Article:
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by Phyllis Walker

This article was first published in "Morgan County History and Genealogy Vol. 1 No. 3", the newsletter of the Morgan County History and Genealogy Association, Inc.

Seventy-five years ago, August 26, 1920, the 19th Amendment to the Constitution was approved. Women were allowed to assume some responsibility for our government officials and were extended the right to vote. Five years later a group of local women made history in Morgan County Circuit Court by responding to a summons to serve as jurors in a case set for trial. This was the first time a jury of women had ever been called in the local courts.

The case at issue was the State against John Lowe of Indianapolis, formerly of Morgan County, charged with the illegal transportation of liquor - a common enough problem since the ratification of Prohibition in 1919 prohibited the manufacture, sale, or transportation of any liquors. However, the case itself was not the significant issue.

Officials decided to call a female jury and for this purpose 25 or 30 women were notified to appear. I now quote from the Martinsville Daily Reporter of 22 Apr 1925: "Consternation reigned in many households and calls to be excused began to come in. Sickness and other good excuses released quite a number." One was supposed to have said "she just couldn't come in as she had a luncheon engagement." The reporter allowed, however, that the percent of excuses was no greater than that offered by men.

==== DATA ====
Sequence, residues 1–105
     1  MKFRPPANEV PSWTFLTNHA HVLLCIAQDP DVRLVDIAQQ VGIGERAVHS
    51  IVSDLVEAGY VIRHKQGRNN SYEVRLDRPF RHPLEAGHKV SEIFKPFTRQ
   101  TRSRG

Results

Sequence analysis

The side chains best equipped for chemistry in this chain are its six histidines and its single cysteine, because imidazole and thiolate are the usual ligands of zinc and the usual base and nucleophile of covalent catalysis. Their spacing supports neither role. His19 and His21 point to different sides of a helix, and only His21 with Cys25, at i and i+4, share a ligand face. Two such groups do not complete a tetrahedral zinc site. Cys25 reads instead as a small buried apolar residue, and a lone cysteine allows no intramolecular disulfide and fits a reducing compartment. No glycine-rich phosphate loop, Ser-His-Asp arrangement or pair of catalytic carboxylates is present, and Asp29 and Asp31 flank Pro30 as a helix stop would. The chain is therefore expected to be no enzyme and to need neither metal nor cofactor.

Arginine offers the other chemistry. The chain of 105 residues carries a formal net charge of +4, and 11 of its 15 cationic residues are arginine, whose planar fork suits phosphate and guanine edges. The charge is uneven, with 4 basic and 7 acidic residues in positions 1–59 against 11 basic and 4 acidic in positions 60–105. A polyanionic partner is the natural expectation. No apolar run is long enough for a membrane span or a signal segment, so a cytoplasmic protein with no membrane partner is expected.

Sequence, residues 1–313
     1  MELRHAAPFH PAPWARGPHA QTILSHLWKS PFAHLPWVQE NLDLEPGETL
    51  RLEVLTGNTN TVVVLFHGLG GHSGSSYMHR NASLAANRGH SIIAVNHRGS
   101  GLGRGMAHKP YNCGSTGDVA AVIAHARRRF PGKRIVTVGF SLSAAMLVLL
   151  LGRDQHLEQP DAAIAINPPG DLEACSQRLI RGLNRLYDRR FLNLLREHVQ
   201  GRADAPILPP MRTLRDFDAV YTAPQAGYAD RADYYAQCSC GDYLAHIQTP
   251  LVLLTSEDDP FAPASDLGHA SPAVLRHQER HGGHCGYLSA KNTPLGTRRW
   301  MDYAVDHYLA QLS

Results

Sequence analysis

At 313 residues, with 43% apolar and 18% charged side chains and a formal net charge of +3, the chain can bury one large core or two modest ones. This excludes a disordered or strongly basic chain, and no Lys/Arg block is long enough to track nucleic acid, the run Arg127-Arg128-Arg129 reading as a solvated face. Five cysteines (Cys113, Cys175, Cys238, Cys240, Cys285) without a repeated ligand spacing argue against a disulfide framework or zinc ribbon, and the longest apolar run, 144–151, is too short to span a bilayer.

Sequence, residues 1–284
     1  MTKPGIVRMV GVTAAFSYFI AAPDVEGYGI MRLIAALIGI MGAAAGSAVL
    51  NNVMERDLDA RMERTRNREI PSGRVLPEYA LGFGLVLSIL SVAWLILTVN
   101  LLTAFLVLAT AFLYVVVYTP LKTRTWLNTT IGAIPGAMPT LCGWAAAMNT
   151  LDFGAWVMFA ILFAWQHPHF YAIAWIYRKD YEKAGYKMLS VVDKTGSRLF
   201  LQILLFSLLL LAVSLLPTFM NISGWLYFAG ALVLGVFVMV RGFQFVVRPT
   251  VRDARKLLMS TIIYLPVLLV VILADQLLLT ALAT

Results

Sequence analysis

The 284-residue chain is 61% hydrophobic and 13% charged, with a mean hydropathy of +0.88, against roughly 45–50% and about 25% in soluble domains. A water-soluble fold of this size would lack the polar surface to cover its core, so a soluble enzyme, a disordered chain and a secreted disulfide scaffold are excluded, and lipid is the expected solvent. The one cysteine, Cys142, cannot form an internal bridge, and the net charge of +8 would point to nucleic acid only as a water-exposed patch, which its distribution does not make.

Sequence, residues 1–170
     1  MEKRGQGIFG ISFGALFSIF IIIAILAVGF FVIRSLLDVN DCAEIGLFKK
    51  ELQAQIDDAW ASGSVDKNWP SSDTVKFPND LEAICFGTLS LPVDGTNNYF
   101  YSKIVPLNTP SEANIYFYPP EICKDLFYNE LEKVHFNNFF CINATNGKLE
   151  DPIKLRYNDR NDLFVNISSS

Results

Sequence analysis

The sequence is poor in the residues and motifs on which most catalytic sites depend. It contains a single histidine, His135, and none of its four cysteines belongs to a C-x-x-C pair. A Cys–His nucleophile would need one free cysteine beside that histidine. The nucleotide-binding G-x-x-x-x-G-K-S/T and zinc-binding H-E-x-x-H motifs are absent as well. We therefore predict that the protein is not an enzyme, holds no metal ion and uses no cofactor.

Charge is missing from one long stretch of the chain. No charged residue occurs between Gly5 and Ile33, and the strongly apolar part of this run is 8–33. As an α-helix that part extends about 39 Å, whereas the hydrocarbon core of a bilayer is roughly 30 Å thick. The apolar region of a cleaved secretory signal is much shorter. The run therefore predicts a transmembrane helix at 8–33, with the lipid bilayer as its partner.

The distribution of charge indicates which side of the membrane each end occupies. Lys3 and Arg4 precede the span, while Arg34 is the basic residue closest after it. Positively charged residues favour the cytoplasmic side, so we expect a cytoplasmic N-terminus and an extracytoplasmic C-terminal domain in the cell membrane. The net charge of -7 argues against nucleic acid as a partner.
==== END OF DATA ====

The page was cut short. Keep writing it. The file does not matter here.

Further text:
Fourteen women reported at the hour specified. As the news reporter smirked, "They came ready to do or die and fulfill their obligation as full-fledged citizens." Those appearing were the wives of A. G. Rose, W. E. Gum, R. W. Miles, Ray Montgomery, J. S. Hinkle, Harry Cure, Ben Tilford, N. H. Gano, Loren Hadley, Will Farley, H. H. Nutter, Dewey Goss, George Allen, and Miss Hattie Cobb.

Who orchestrated the introduction of women as jury members? Was it the special judge, Fremont Miller, who was on the bench? Or perhaps young practicing attorney Omar O'Harrow, Morgan County native, born in Green Township to Civil War veteran Henry and Rebecca Speaks O'Harrow, who had opened his law office in 1922 and a short time later been appointed deputy prosecuting attorney? Surely it was not the attorney for the defense, Centerton native Fred Steiger? Not when Attorney Steiger pled for continuance of the simple case on the grounds that the jury had not been properly drawn. He argued that this was a special jury where the regular panel should have been used ... that it was unprecedented in this court to call a female jury ... that sufficient notice had not been given ... that ... that practically all of the women summoned were members of the Women's Christian Temperance Union (W. C. T. U.).

Attorney O'Harrow insisted, however, that this was a list of first class jurors, the proceedings very regular and that many of the regular panel had been excused.

Judge Miller overruled Steiger's motion for a continuance but granted his request to secure some of the regular panel. The sheriff was instructed to do so forthwith and court was adjourned until afternoon.

That afternoon three men of the regular panel, Clyde Schmidt, Wm Guthridge and Wm Woodward, had been found and were in the jury box. The sheriff affirmed that he had made a diligent effort to find enough regular jurors but, alas, three were all he could locate. (Did the sheriff also want an all-woman jury?) Judge Miller then told the officer to fill the jury places with qualified citizens, and the female foot was in the door. Twelve citizens were in the box; they were sworn in and Attorney Steiger began the questions.